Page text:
NYPD Introduce New Tactics to Reduce Use of Excessive & Lethal Force
In light of the recent high-profile fatal police shootings of Austin Sterling and Philandro Castile, the issue of police misconduct and brutality is on the radar of police departments across the country. The NYPD are well aware of this, with the former police commissioner Bill Bratton making a commitment to try to reduce NYPD’s incidents of police misconduct.
According to the New York Post, the NYPD are investing $4.5 million in purchasing Tasers, as well as expanding the number of taser-trained officers to make up over a quarter of the force. Bill Bratton explains that the idea behind this is to provide officers with an alternative to guns, thereby avoiding incidents of lethal force.
However, whilst past incidents have shown that although this idea may be theoretically sound, in practice, officers have used tasers in many examples of police brutality. In the case of Chase Sherman, the use of a taser was lethal. Mr. Sherman and his parents were on his way back from his brother’s wedding in Florida when he began to hallucinate having taken synthetic marijuana. His parents called the police to help restrain him. On arrival the police pinned him to the ground and tasered him 15 times despite calls by Mr. Sherman that he ‘quit’. More recently, according to the New York Post, police officers tasered the wrong man when they searched a New York apartment. They targeted a man in his forties who was cooking soup at the time, rather than the 25-year old man, who was the subject of their arrest warrant. A report by the CCRB revealed that only 45 out of 155 incidents where tasers had been used by NYPD in 2014-2015, actually then resulted in an arrest. Further, according to Amnesty International, this so-called “non-lethal” weapon resulted in 340 deaths between 2001 and 2012.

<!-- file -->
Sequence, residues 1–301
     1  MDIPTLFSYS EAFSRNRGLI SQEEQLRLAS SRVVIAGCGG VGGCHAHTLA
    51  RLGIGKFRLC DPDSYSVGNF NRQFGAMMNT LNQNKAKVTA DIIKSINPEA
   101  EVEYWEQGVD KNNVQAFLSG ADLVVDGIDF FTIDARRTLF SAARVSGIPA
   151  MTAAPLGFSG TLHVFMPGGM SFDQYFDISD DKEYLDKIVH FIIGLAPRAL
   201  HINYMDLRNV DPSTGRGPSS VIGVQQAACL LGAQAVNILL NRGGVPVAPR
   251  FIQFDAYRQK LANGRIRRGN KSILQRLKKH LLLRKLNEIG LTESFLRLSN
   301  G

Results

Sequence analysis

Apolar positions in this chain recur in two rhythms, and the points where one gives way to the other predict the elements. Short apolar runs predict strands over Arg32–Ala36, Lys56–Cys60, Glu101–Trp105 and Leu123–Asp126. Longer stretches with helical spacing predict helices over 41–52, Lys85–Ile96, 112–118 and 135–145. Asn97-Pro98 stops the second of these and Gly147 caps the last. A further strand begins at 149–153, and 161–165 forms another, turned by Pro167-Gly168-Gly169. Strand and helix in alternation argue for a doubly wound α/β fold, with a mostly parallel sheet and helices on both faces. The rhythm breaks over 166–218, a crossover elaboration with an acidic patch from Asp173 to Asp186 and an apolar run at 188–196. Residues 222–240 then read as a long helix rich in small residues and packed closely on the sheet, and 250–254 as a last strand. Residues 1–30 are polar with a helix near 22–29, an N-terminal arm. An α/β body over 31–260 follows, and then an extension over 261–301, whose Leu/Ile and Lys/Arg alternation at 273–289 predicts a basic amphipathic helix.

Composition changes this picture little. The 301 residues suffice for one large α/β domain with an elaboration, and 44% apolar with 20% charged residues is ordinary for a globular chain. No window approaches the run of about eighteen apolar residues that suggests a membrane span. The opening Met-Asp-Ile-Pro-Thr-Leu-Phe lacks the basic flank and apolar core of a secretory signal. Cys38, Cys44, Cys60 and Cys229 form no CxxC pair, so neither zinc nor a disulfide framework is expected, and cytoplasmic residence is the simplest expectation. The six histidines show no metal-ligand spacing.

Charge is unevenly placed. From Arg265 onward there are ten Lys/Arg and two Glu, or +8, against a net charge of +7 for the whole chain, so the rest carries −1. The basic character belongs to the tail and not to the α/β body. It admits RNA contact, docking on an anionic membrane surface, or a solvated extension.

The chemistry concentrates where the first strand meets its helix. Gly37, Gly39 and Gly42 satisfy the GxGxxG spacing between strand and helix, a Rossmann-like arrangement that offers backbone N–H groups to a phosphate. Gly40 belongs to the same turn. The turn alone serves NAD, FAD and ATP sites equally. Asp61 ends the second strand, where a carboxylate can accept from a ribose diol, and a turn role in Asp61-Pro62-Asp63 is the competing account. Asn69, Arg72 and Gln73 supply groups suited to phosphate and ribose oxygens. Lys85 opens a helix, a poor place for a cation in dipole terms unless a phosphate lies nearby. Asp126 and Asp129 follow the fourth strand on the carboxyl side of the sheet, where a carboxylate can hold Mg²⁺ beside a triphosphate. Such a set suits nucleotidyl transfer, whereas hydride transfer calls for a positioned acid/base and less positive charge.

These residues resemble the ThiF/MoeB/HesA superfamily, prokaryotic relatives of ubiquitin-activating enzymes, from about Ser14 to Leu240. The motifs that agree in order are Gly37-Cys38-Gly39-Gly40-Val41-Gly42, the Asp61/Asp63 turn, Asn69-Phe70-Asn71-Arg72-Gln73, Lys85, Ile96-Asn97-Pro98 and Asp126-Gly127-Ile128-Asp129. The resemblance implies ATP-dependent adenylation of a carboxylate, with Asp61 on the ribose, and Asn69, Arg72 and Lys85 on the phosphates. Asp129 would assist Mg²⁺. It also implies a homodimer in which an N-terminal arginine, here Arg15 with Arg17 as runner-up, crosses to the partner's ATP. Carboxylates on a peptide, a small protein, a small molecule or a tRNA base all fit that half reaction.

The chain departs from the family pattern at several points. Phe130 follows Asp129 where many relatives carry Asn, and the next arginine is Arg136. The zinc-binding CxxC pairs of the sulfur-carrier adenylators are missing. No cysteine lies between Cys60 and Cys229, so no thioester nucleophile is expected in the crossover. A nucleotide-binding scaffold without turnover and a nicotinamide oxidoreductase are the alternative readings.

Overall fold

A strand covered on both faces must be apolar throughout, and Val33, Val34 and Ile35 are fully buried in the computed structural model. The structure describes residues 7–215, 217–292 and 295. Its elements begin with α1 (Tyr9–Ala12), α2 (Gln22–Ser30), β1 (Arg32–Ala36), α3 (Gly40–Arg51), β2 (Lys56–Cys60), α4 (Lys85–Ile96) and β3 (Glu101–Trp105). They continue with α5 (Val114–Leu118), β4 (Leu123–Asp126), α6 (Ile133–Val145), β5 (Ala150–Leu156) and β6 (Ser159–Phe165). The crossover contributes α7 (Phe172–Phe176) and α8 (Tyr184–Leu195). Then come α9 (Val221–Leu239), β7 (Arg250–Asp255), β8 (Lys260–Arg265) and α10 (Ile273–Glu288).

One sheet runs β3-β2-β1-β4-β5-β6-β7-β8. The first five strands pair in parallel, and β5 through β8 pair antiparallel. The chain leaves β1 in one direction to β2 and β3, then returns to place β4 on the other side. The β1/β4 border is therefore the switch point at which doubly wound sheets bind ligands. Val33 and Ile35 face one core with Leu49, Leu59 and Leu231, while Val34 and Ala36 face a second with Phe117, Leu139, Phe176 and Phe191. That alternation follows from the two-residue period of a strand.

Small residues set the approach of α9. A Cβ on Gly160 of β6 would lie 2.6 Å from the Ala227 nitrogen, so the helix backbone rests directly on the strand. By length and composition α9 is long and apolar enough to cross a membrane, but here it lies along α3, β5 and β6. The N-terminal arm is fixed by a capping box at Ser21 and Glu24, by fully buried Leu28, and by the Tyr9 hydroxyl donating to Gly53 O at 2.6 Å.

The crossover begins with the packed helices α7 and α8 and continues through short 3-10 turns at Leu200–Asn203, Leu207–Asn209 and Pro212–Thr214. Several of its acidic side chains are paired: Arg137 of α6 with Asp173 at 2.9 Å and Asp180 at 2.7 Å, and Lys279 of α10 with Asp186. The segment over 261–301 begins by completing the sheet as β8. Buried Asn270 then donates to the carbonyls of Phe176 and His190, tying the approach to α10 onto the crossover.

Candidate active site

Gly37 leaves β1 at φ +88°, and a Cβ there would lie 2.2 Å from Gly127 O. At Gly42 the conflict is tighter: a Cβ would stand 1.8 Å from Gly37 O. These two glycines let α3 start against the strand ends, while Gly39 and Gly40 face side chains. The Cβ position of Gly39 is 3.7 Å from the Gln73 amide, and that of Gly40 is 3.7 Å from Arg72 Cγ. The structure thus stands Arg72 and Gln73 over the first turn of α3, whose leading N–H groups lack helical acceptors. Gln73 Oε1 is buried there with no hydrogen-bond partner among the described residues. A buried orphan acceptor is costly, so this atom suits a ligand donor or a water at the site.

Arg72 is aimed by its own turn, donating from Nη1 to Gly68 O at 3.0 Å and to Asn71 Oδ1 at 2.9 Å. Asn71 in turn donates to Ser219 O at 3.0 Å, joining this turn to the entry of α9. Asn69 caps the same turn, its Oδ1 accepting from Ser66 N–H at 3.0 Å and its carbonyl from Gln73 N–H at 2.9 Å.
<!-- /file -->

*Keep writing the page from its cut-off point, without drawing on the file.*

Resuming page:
The New York Times reveals that Taser, the company who supply the weapons, has been vigorously lobbying NYPD. Their close ties with police departments across the country including NYPD, have also resulted in their monopoly of the police body camera market. It is thought that these body cameras for officers will increase accountability and transparency. However, with Taser’s monopoly of the market, police forces are reluctant to test out competitors who may have better or more sophisticated equipment. As was seen in the case of Austin Sterling, where the officer’s camera became dislodged, the technology can falter.
If you have been the victim of police brutality or misconduct or a false arrest by NYPD, contact the attorneys at PetersonDelleCave LLP for a free consultation.